Biodynamic summer pruning
If you have even the smallest of gardens there are prime times for pruning.
I usually urge people to put a lot of effort in the early spring pruning, then the Biodynamic summer pruning job should be a lot easier. But recently in the UK the weather has been so rainy and mild that most well-kept gardens have turned into mini jungles. So there is a lot to do now.
Firstly download the LWTM life-style calendar for August. It comes free with the monthly newsletter (you need to subscribe to this, if you have not done so already in the pink box on the website side bar). In the newsletter you will also find a symbols guide. For our exercise look at the pruning symbol and every time you see it that means it is an extra good day for this activity.
Sap goes up and down in plants and during the Waning Moon and especially during New Moon it is just more auspicious to do proper pruning jobs. One of my favourites is the
New Moon renewal cut: If a plant does not thrive you can try to revive it with this cut. First check if pruning in August is useful, as some plants object to pruning during the wrong season. If it is a good time season-wise, clip all the branches by a good third to half to jumpstart the new growth. You can try this method again at another New Moon.
A few years ago a water pipe burst and almost flooded our garden with the result that some of our established holly bushes were almost dead from a completely water-logged soil. But then I tried the New Moon renewal cut with great result, we managed to save them all.
If you tried a few times and the plant still does not recover then it may be effected by a bad disease or simply the spot you have chosen for it is just wrong – no sun/too much sun, wrong soil, etc. In this case you can either dig it up and see if it thrives somewhere else or just plant something else in its place.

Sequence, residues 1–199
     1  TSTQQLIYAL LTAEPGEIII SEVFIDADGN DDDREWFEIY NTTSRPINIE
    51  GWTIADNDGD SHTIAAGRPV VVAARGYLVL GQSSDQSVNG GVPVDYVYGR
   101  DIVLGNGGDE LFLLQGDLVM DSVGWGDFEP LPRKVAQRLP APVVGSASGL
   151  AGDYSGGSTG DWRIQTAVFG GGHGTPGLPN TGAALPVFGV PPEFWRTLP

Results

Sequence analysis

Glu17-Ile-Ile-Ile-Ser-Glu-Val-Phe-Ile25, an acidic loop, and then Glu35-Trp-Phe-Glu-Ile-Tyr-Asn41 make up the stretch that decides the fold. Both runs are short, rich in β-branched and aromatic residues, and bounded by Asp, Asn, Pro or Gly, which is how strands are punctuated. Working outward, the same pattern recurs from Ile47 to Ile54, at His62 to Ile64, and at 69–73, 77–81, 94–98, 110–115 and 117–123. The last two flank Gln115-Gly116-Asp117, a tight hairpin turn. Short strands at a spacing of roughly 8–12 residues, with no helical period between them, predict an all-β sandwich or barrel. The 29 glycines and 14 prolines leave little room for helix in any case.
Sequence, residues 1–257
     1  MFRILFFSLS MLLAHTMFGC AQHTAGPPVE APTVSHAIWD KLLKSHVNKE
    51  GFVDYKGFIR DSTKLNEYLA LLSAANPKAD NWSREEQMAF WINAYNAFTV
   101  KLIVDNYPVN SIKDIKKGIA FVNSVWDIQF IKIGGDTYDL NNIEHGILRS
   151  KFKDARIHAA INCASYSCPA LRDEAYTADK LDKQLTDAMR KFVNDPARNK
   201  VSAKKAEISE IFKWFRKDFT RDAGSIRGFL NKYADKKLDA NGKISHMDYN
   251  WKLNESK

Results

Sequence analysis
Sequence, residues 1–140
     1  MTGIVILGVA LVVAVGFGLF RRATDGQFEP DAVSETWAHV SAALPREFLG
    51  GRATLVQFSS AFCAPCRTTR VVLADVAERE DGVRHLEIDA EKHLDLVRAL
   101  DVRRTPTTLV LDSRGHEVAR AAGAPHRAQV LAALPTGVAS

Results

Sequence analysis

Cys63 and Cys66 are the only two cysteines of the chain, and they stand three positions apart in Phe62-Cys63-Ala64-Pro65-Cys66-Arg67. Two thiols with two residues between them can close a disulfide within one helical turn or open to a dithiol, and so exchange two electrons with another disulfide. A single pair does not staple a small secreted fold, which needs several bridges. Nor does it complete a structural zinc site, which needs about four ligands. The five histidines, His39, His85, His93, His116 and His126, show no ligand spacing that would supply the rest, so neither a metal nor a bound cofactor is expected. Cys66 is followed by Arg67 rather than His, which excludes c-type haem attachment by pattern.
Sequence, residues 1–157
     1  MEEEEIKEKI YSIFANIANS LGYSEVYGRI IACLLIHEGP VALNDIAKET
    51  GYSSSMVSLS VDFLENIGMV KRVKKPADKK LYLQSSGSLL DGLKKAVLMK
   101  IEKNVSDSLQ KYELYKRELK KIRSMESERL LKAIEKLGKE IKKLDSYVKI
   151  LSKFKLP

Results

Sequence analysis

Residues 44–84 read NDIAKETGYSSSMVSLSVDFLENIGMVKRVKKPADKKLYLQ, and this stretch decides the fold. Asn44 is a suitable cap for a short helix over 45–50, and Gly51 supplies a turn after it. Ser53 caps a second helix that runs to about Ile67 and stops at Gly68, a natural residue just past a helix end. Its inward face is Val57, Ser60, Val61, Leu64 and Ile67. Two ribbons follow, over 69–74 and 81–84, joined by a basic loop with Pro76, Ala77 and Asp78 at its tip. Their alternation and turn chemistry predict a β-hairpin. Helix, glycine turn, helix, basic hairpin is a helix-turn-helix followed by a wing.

Cutting back fruit bushes during the late summer:
August is a good month to prune red currants, gooseberries and other fruiting bushes that have already fruited. Cut the side shoots back by one third and make sure that there are not side shoots growing on the bottom of the bush.
Your can also cut back summer fruiting raspberries once you have picked them all. Cut the canes that have already fruited back to about 3cm above ground. The non fruiting canes can be tied to horizontal wires or a fence to bear crop the next year round.
This time of year is very useful to cut back hedges such as box, firethorn and thuja.
Other pruning tasks in August :
- deadhead annual roses and flowering bushes , pruning symbol (flowers and scissors)
- Plant and divide perennials (spade symbol)
- Prune flowering bushes like fire thorn (pyracantha), hornbeam, thuja hedges and Leyland hedges (scissor & tree symbol)
- Prune gooseberries, summer fruiting raspberries and red-current bushes (scissor & tree symbol)
- take cuttings from Alpines (flower in put symbol)
- Weeding, start weeding on Heat Days (red squares)
- Sow hyacinths (indoors) for the Christmas period
- For further help and information please download and read our e-book ‘Gardening With The Moon’. It will explain how to put a garden design into practice and help you find out what type of soil your garden has. It will further provide you with all kinds of tips. Form planting, digging, feeding, pruning, weeding to composting and companion planting (which plants thrive next to each other and which you should avoid planting together). In short everything you need to know to keep a well-growing biodynamic garden.
To find out more information about Biodynamic gardening, please download our e-book publication ‘Gardening with the Moon’ in the LWTM menu section.